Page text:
The Celebration Of Mateship By Charles Bean Essay

1007 Words Jun 10th, 2015 5 Pages
Interestingly, the convict origins of mateship perhaps explain some of the political maneuvers it later developed. The celebration of mateship is no more promoted than the various unionists and movements around Australia, in the past and indeed the present. Mateship can be seen to be used in the Union movements against government and business’ trying to weaken their authority, an idea of which draws many parallels to the convicts that suffered but banded together under the strain of authorities.

Yet, the concept of mateship was strengthened further in what many regard as the true beginning of Australian national identity, WW1. Fighting for mates became a justification for fighting a war that perhaps didn’t have any impact on their lives back at home. The idea of mateship is no better summarised by Charles Bean’s assessment as to how the Australians managed to hang on in Gallipoli in what otherwise would have been, extremely trying circumstances. The answer. “Lay in the mettle of the men themselves…. to have made it necessary for another unit to continue his own units work… life was not worth living unless they could be true to one’s idea of Australian manhood”. (1)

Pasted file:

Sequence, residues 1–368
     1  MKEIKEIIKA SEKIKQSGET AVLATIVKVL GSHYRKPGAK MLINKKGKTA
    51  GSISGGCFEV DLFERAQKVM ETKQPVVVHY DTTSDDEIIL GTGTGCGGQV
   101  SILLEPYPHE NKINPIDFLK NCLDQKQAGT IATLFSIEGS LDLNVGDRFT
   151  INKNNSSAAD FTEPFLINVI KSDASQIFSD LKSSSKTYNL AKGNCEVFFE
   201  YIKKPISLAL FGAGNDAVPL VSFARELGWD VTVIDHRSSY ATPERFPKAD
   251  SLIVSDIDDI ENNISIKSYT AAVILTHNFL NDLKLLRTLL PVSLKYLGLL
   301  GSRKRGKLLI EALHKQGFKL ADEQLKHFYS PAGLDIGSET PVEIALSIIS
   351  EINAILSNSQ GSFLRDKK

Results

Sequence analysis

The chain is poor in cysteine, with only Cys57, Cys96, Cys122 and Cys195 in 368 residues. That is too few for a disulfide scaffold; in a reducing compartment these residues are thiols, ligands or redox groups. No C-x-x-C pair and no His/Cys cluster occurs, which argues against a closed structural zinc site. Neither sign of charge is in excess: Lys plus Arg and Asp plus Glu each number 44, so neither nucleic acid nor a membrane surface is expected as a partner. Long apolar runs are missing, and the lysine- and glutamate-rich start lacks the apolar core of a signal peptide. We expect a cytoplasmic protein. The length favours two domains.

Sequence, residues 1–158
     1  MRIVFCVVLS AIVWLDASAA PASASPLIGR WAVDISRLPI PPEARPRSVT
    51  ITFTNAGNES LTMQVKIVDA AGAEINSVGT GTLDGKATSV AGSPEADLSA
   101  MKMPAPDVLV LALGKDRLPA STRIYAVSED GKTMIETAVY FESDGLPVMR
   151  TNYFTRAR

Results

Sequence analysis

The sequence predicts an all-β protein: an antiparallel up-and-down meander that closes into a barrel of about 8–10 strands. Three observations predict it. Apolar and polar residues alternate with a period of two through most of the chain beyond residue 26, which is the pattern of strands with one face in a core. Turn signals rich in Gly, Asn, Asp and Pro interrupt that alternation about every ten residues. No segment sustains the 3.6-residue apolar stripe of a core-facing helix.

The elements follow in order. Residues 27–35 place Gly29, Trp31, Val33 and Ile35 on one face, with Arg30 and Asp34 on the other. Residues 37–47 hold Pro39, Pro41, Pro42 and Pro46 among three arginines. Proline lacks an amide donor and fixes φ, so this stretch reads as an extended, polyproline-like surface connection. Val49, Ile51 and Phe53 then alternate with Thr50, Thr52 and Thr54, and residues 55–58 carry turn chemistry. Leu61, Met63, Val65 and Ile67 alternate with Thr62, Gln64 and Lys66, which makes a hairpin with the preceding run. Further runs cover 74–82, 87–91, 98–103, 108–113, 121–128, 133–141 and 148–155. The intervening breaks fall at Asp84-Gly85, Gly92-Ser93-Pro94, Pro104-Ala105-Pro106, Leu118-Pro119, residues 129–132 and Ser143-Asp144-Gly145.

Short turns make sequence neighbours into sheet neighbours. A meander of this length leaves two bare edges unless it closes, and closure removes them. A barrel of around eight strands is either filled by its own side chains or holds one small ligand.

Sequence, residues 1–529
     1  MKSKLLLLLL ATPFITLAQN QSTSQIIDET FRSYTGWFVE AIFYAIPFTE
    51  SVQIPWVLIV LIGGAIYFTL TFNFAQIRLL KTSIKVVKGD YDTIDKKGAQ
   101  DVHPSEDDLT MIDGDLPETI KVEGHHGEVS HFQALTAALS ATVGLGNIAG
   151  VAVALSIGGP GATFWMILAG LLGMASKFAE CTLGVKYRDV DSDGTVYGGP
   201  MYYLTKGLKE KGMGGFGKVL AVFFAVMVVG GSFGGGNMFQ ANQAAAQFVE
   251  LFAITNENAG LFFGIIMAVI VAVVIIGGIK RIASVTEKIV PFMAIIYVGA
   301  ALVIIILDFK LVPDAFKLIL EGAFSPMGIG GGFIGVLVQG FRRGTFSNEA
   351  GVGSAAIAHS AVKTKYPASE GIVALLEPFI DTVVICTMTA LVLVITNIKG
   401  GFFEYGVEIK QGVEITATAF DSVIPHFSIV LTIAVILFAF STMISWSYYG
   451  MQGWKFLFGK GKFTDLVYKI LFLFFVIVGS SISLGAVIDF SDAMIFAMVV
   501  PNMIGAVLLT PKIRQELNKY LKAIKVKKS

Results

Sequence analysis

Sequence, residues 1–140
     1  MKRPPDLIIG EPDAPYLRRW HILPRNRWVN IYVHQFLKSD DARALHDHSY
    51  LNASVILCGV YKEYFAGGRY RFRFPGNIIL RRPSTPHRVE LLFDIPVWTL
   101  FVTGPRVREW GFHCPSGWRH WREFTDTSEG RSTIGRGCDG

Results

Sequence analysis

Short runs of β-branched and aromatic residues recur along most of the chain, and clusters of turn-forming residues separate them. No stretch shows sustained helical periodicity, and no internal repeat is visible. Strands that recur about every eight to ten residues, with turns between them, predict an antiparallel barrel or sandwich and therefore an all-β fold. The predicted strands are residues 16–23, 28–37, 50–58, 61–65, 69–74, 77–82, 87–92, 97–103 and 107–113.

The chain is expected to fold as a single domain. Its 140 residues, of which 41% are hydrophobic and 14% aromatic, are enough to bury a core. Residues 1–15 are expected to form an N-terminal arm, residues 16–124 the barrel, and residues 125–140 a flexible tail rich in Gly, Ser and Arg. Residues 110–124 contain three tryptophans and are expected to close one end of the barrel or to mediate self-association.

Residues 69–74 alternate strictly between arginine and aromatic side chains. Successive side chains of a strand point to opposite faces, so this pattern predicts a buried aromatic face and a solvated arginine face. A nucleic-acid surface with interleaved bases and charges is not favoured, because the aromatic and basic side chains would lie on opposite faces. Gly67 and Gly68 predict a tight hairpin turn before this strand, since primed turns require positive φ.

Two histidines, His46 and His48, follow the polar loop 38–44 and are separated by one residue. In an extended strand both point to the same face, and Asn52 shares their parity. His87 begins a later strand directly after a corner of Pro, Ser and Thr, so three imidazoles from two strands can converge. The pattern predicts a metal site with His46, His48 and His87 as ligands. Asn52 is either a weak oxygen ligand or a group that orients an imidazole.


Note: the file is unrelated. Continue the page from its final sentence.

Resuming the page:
The diggers belief in mateship was exemplified by the countless Australian war traditions that grew out of WW1. Whilst most nations use memorials to affirm their power of the nation, Australians remember the character of those who died in the war. Most notably celebrating the Anzac’s, who to many, represent…

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